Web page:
People often blame a cockroach problem on poor housekeeping. While cleaning floors, kitchens, and bathrooms is useful and very important to reduce food sources used by cockroaches, they may get inside and cause an infestation for other reasons. These
pests can hitch a ride on infested items brought inside, get indoors via cracks and gaps in the home’s exterior, enter through drains or sewer pipes and a few species of cockroaches can fly inside when attracted to lights.
While cockroaches are one of the most common pest problems, they are also one of the most stubborn. Infestations are hard to get rid of because the insects hide in a host of areas, breed quickly, have a very high reproductive potential and may develop
resistance to pesticides.
Cockroaches often taint food with E. coli and Salmonella bacteria, so it’s not safe to ignore these pests. Exposure to cockroach feces and the body parts of dead roaches over time can even trigger allergies and asthma.
The length of time it takes to rid your home of a cockroach infestation depends largely upon species and size of infestation. Many over-the-counter products homeowners utilize often prove ineffective against a cockroach infestation. These pests are extremely
adaptable and may even be resistant to some home extermination methods.
Workers and soldiers live approximately one to two years. Queen termites may survive for over a decae under optimal climate conditions.
Workers are responsible for gathering and feeding the colony members, maintaining the nest, and caring for young. Soldiers protect the termite colony using their large mandibles to fend off predators. Reproductives are the only sexually mature members
of the colony, aside from queens and kings. Read more about termite colonies.
The life cycle of the termite begins with a mating flight, wherein swarming winged reproductive males and females leave established colonies and procreate. After fertilization, winged termites land and shed their wings, going on to form new colonies.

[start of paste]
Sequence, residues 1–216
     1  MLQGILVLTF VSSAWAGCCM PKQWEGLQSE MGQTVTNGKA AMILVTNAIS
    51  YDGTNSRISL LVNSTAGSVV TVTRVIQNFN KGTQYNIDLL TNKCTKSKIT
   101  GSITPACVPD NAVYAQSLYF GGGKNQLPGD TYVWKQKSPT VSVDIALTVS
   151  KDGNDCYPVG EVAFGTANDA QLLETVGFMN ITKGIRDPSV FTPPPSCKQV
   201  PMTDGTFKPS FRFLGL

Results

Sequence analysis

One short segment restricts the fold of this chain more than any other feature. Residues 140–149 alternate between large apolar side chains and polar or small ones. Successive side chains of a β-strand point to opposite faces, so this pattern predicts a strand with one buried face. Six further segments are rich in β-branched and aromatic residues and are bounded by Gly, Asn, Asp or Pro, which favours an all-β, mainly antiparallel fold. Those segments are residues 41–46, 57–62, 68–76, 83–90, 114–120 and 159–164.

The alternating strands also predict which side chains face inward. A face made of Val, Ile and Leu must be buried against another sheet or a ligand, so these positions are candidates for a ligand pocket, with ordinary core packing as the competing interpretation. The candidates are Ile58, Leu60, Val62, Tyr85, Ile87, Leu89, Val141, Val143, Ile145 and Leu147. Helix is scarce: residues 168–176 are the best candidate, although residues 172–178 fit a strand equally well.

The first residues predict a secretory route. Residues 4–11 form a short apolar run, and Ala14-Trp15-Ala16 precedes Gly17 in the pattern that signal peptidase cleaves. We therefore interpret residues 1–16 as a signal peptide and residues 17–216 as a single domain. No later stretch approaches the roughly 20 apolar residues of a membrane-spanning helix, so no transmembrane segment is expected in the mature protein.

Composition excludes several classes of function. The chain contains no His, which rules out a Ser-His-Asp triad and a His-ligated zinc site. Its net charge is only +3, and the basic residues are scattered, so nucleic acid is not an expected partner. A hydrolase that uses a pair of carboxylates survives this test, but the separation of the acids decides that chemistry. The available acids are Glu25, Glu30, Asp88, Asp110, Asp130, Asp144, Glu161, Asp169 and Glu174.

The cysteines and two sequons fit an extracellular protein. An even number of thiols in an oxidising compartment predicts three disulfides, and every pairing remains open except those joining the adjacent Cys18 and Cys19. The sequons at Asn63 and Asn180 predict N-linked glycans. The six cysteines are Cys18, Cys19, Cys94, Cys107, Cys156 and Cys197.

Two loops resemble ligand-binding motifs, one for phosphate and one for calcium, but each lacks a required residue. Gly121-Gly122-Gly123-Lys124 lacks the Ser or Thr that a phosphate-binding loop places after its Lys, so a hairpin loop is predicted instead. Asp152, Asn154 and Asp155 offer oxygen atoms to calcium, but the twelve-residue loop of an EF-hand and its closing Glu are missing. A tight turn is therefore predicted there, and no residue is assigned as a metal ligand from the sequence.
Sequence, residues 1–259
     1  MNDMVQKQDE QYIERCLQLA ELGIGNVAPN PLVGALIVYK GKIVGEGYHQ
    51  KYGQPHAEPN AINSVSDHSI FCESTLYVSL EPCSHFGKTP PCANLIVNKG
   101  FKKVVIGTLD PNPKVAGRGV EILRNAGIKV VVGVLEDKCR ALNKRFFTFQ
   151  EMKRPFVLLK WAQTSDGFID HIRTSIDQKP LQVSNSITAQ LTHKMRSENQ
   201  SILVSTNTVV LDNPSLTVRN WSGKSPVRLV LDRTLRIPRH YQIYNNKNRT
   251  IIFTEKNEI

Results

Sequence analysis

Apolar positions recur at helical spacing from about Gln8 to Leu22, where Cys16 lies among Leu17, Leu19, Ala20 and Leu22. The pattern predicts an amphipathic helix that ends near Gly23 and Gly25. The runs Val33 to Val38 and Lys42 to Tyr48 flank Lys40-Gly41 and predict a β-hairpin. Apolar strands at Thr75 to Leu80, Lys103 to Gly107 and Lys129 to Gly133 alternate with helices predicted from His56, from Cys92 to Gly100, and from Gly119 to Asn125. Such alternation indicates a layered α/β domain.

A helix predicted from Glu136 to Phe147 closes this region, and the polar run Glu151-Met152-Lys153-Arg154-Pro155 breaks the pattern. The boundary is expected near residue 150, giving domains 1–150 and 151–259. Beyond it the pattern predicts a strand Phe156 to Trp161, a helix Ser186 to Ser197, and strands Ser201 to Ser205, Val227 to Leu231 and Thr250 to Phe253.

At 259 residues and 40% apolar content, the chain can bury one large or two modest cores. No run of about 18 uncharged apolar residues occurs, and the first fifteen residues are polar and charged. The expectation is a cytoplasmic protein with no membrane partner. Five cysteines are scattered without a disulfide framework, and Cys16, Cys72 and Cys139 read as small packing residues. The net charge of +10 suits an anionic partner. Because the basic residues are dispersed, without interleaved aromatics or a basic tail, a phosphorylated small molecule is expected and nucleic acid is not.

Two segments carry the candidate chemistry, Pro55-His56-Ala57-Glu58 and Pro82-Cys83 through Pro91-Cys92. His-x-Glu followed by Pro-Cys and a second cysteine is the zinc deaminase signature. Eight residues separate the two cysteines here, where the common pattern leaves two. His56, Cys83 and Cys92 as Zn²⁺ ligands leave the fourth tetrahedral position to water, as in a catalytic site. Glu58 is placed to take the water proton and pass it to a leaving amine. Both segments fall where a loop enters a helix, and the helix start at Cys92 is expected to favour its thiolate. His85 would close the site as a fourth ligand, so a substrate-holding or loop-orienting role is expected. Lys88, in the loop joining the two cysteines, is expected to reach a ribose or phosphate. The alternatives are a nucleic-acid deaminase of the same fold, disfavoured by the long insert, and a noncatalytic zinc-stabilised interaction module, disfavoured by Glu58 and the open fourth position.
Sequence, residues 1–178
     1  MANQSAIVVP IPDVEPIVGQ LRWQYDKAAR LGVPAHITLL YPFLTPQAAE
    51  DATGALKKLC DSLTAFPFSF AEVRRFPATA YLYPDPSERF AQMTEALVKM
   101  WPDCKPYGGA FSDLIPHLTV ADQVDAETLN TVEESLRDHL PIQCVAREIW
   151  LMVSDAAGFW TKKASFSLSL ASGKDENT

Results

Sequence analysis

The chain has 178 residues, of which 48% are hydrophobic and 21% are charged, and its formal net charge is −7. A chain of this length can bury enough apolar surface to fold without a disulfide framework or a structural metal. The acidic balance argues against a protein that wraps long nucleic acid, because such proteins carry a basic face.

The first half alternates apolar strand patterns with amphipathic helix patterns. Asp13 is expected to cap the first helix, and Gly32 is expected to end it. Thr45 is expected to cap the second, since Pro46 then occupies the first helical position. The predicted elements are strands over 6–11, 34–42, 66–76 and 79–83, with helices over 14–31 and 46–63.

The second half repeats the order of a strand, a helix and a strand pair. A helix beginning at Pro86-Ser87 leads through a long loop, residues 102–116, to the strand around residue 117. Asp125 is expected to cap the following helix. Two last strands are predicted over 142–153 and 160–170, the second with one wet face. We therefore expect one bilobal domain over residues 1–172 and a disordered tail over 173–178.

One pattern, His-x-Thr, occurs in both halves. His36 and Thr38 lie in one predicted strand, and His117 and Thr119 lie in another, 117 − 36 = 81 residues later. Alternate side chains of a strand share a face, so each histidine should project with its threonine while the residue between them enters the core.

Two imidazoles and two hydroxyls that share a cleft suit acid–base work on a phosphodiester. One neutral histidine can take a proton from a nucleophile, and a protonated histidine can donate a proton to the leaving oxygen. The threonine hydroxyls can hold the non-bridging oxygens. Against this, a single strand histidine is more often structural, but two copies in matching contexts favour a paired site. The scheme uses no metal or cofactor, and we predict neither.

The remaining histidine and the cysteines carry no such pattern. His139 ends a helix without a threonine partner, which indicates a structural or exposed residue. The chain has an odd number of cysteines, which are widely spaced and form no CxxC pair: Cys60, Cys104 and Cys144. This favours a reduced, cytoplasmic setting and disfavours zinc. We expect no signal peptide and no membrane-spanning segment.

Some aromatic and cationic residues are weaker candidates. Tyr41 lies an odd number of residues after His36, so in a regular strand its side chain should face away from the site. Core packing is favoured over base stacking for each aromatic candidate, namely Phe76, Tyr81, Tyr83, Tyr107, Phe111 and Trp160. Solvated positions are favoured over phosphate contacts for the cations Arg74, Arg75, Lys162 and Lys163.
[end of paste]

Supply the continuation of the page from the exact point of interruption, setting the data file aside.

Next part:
These insects then become the king or queen termites of their newly established colonies. The queen and king termites are at the center of the termite life cycle and are responsible for reproduction.
After the fertilized queen lays her eggs, they hatch into pale white larvae.
Eggs hatch into larvae and molt (shed their exoskeletons) to develop into workers, soldiers, primary reproductives and secondary reproductives. A nymph is a young termite that is going through molts to become a reproductive.
The termite growth process begins with a process called molting. First, a termite develops a soft exoskeleton under its current, hard exoskeleton. Then, once the termite has reached maturity, its outermost skeleton splits open, and the new exoskeleton
enlarges and hardens. This molting process continues throughout a termite’s life cycle based on the colony’s needs.
Over the course of several molts, these larvae grow to assume a role in one of the three termite colony castes: workers, soldiers and reproductive termites, also known as alates.